Due to the ITC, the average shopper could have saved over $5,000 to $9,000 in 2019 for going solar. The cost of solar energy systems have dropped significantly, which has created a more affordable and beneficial transition to the solar way of life. However, now that it is the end of 2019, what happens with your residential solar tax credit?


The Future Of Residential Solar Tax Credit

Since the bill was passed with a 5-year extension to solar tax credit, the end of 2019 may be the last time to reap the benefits of the 30% residential solar tax credit. If you have yet to install your solar energy system on the residence that you own, you may want to consider installing as quickly as possible. You can still receive the 30% residential solar tax credit by installing and having the solar property in use before December 31, 2019.

Come the 2020 tax year, the residential solar credit goes from 30% to 26%. The following tax year of 2021, the percentage drops once again from 26% to 22%. Eventually the residential solar credit will terminate in the tax year of 2022. This is your time (before December 31, 2019) to take advantage of what the ITC has given you.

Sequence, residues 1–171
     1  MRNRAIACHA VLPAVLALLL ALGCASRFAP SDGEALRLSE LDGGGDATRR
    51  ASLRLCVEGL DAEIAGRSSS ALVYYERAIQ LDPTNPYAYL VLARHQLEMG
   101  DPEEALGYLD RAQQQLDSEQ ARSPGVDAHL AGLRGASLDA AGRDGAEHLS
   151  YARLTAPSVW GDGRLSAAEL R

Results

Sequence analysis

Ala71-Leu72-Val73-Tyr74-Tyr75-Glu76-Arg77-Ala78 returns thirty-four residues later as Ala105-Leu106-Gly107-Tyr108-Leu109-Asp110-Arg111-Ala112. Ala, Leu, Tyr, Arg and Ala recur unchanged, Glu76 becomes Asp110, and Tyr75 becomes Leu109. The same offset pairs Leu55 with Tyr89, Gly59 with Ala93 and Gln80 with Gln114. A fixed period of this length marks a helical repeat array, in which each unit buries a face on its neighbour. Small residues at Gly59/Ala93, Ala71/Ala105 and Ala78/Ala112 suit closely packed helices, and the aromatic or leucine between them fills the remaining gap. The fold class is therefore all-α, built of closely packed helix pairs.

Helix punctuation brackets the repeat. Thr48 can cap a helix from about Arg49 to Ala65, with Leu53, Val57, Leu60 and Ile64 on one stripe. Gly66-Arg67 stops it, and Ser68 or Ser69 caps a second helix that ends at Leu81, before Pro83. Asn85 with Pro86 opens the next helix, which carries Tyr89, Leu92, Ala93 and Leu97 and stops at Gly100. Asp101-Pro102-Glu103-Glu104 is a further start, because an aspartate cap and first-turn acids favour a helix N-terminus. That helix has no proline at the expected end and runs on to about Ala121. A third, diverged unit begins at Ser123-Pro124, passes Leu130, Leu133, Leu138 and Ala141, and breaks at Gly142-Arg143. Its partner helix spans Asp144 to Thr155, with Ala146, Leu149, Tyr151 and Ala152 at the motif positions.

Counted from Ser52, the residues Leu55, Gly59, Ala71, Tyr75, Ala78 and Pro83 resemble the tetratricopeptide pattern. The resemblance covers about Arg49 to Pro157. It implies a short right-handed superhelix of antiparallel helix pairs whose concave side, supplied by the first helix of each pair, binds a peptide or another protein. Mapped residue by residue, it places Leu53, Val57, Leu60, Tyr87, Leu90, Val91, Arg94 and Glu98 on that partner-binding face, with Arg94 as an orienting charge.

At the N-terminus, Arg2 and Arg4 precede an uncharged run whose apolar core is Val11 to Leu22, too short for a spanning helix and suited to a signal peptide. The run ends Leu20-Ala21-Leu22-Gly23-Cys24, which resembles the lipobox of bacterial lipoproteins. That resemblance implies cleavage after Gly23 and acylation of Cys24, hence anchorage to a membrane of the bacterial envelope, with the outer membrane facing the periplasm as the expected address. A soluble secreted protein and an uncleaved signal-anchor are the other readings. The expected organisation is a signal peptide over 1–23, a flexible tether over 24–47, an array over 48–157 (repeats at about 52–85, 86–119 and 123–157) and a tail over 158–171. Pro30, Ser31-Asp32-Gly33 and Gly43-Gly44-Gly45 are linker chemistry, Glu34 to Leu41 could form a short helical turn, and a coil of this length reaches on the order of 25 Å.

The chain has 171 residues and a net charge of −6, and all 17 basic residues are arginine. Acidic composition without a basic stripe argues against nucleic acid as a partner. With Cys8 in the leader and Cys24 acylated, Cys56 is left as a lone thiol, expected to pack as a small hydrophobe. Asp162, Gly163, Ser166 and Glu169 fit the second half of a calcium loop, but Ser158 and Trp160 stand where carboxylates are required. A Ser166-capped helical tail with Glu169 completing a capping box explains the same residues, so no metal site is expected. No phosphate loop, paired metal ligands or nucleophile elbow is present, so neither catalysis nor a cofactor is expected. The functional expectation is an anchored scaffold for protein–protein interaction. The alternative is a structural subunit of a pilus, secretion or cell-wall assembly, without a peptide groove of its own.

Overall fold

With questions regarding your commercial or residential solar tax credits, NESCO is here to help. We assist and work on your behalf to find tax planning opportunities that suit your needs. Call us today to find out more about our services!
Reduce Operating Expense, Tax Expense and CO2 Footprint. Increased Profits.
Date posted:  October 25th, 2019
A few examples of projects that were successful for our clients in the past include: 

Reduced family business owners tax burden by $25,000 per year.

Increased non-taxable compensation available from business to owner through a structuring strategy.

Reduced excise tax by $800,000 on sale of power plant by analyzing assets and properly reclassifying assets in the correct categories.

Reduced multi-million dollar canadian income tax burden on sale of canadian assets by U.S. parent company.